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Code Signing Certificates & Key Protection

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Code signing has emerged as an essential ingredient to doing business for virtually any organization that distributes code to customers and partners. Code signing verifies who the publisher of a specific set of code is and attests to the fact that it has not been modified since it was signed. Certificates delivered along with software that has been signed are a key way for users to determine whether software originates from a legitimate source before installing.

Today, many software marketplaces, including mobile app stores, require code to be compliant with specific digital signing requirements. If code doesn’t meet these requirements, users have to accept a prompt, such as “unknown publisher” alert or other message, before installing. For legitimate software developers, having customers receive these messages can create significant issues.

Code signing is also widely used by device manufacturers who need to update the firmware and software of devices in the field.

Code Signing Architecture and Vulnerability

Code signing architectures are comprised of several key facets, including:

  • Public key infrastructure (PKI) technology is used to create a digital signature.

  • The digital signature is based on a private key and contents of a program file.

  • In distributing its code, the developer packages the signature with the file or in an associated catalog file.

  • Upon receipt of the signed code, users or devices will combine the file, certificate, and associated public key to verify the identity of the file signer and the integrity of the file.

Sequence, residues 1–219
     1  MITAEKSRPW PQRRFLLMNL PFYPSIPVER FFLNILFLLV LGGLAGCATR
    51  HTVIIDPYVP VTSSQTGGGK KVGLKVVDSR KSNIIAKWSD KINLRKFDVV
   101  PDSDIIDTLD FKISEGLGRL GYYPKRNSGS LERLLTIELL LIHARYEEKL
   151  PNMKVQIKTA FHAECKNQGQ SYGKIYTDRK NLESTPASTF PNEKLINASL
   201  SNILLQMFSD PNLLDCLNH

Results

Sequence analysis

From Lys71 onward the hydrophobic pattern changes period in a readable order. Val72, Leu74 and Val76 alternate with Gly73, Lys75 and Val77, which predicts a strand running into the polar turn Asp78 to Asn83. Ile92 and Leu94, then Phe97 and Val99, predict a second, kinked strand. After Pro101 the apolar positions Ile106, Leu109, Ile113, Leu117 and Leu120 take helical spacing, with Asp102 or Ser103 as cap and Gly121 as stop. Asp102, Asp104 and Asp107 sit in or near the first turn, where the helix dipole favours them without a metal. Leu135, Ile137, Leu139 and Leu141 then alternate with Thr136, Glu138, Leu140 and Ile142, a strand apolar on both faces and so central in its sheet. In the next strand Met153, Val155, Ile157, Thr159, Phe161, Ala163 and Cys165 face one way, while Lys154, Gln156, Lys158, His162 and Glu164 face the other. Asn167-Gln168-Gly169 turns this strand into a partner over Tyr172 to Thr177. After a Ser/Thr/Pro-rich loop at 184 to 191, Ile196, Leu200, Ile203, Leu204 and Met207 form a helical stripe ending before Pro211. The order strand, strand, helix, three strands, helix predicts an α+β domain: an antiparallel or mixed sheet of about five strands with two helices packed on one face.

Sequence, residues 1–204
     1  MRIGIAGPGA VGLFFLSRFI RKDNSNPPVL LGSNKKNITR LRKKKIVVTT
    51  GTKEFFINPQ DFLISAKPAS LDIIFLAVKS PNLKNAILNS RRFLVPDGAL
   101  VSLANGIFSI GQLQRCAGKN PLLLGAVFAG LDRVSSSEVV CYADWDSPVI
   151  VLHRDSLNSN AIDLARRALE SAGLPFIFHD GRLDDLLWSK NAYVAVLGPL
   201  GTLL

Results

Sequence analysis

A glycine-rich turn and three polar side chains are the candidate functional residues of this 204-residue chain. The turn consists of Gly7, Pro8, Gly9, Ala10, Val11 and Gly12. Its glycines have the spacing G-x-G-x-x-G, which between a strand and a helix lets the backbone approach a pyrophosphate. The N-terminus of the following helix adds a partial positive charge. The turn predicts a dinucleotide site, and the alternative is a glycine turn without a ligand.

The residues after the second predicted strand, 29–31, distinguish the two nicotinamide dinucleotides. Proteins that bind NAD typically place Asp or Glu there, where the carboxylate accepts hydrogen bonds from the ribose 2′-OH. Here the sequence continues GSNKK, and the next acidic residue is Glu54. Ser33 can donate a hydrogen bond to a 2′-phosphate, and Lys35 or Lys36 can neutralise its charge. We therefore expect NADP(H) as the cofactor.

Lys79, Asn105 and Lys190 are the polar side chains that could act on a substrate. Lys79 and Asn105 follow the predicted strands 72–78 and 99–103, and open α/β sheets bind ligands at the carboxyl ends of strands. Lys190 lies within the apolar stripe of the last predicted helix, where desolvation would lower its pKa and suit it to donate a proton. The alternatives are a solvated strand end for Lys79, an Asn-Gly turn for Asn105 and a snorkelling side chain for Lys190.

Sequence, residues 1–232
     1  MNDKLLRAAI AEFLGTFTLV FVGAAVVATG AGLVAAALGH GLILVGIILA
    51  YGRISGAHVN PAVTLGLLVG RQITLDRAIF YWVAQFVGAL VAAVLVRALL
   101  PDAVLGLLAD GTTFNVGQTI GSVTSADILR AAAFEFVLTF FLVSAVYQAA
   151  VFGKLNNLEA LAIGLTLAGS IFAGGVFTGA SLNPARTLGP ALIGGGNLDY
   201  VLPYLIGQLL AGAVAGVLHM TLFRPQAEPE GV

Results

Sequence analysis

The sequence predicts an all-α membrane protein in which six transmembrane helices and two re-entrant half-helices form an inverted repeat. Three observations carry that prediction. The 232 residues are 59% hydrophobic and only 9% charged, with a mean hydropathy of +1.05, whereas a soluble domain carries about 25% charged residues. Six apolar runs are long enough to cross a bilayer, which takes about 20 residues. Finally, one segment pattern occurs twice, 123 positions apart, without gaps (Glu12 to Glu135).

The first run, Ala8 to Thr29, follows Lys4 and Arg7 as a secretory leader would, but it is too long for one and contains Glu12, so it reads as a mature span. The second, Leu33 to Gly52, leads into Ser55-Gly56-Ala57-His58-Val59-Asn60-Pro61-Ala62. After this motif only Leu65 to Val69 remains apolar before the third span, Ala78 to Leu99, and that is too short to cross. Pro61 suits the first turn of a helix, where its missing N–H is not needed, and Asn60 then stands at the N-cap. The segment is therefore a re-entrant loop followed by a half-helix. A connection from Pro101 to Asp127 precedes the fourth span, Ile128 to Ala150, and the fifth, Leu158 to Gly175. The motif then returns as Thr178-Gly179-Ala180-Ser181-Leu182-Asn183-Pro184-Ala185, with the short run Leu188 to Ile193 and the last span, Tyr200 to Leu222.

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In code signing environments, a critical vulnerability exists: private keys. Anyone who can access a legitimate certificate owner’s private key can create software that will appear to be signed by that organization. Numerous breaches have used fraudulent code signing certificates to cause significant damage of the certificate owner’s reputation and business.

In order to effectively secure private keys used in code signing, it is vital for organizations to leverage hardware security modules (HSMs). Keys stored on servers or other systems are too susceptible to unauthorized access and compromise. Storing keys in robust, tamper-evident HSMs can eliminate these

SafeNet HSMs address several critical requirements for secure code signing:

  • Secure key generation and storage

  • High availability and reliability

  • Performance and scalability

  • Support for elliptic curve cryptography (ECC)

  • Robust administrative access controls

  • Governance and compliance

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